“Artists exist to show us the world. So do windows.” Writer Jarod Kintz’s words are just what come to mind when you enter the parallel utopian world of Italian artist, Franco Recchia.
As a child, playing with Lego blocks and toys was just how you’d want to spend your days. Do you remember opening up your first toy car or truck, to see what was inside? How about those old computers with those giant screens? In today’s day and age of tablets and smartphones one has lost the urge and curiosity to break open a machine and see what it runs on.
Italian artist Franco Recchia takes his curiosity to another level of artistic expression. Born in 1957, Franco lived in the cities of Verona, Milan and finally Florence, where he has been ever since. It was in his formative years in primary school that he was introduced to the world of art and colours. His teacher, Dilda, was the one who had recognised his artistic inclinations and encouraged him along.
A far-reaching passion for technology in all its forms is what he has imbibed even into his creative art – reassembling things taken apart, and creating large compositions that comprise of integrated mechanical parts like processors and circuits.
“Waste materials, metal or computer parts live a previous life that should not end when they are thrown away. They are the result of the work of man and cannot die just because they have done their job,” says Franco. Having recreated skylines of cities like Manhattan and Detroit through his art, he has also recreated mythological and phantasmal lands.
“Fantasy is silver and scarlet, indigo and azure, obsidian veined with gold and lapis lazuli. Reality is plywood and plastic, done up in mud brown and olive drab. Fantasy is the towers of Minas Tirith, the ancient stones of Gormenghast, the halls of Camelot. Fantasy flies on the wings of Icarus, reality on Southwest Airlines.” The words of George R. R. Martin, author of A Game of Thrones ring true every time you come upon the works of Franco Recchia.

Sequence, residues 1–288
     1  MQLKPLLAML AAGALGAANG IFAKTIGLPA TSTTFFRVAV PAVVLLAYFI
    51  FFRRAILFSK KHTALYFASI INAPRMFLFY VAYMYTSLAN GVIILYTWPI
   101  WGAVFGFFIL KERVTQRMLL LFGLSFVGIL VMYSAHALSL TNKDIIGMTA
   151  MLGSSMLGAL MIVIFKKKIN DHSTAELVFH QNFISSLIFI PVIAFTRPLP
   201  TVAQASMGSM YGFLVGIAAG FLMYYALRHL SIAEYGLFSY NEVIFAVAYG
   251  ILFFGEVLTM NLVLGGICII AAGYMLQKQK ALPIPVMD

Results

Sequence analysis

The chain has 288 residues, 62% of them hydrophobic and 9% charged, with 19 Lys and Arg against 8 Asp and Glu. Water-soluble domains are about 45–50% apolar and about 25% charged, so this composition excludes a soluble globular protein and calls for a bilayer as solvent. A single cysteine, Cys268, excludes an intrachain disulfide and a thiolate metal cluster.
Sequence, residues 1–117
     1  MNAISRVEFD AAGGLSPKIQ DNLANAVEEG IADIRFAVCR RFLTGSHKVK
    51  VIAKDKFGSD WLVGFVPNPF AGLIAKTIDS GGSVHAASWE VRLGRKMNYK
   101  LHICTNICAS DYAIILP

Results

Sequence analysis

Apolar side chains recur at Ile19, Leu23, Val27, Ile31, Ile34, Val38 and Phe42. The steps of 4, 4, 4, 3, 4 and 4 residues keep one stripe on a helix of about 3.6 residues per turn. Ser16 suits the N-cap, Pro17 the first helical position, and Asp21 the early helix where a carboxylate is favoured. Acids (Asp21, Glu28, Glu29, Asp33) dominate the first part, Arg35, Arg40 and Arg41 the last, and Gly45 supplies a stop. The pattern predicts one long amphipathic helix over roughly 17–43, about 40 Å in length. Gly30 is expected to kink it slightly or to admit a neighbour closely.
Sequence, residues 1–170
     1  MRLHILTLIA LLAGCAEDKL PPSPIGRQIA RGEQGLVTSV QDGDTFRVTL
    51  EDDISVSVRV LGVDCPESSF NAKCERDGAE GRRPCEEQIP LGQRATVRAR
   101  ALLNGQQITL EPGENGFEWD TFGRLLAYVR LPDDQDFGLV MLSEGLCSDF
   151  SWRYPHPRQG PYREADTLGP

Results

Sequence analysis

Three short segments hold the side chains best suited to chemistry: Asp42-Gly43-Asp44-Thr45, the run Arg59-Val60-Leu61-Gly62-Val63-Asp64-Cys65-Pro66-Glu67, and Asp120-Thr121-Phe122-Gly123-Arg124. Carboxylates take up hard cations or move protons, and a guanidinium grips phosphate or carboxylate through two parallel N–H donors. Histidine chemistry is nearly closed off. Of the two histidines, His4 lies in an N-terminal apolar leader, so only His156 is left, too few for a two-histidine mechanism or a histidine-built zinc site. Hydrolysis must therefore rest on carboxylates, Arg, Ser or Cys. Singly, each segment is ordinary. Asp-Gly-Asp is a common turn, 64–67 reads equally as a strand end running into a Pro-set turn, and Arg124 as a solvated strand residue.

Cities like New York, Rome, and Athens – all have a history that is so deep-rooted that even today the cities boast of the values and culture that have been passed on as heirlooms from generations. Franco Recchia’s work is perhaps a utopian representation of these cities, without the mundane and archetypal colours.
Colours of a city are again critically connected to its heritage and culture. For instance, Jaipur is called the Pink City; Jodhpur has its quintessential blue alleyways; Grecian cities like Mykonos and Athens with their beautiful and typical blues and whites. The use of colours in Franco’s works is not just also impressive, but also reflects his eclectic style and technique. His recreated skylines bring out varied hues and dimensions in these cities, lending them an ethereal and almost enchanting character.
“The process of selection begins with a selection of the components (these are duly washed and cleaned), that are kept in transparent containers. Then, on a plate of wood or metal, I try making combinations with these pieces,” explains Franco about his creative process.
His first piece was Il Circo (The Circus) in 1976. The time it takes to create a single project varies depending on the available parts and the size of the creation. “In some cases it takes a month, sometimes a year or more; it usually starts from a particular piece and then goes on to become a city,” says Franco.
So which city, according to Franco, has the most magnificent skyline? New York, he believes, tops the list, along with Hong Kong and Shanghai. Recreating the New York skyline was perhaps his most challenging work to-date, ‘for the material used and the number of pieces’ that were required.
Success however glorious can also be transient. So it is best to always remain attached to your roots, and remember where you started from. Which is perhaps why Franco Recchia visited his favourite teacher, Dilda, two years ago; she was then ninety years old. Describing the visit as “beautiful”, he goes on fondly about how she remembered his passion for colours and how they still manage to converse on the phone from time to time.
Text By Priyanka S. Menon
Photographs Franco Recchia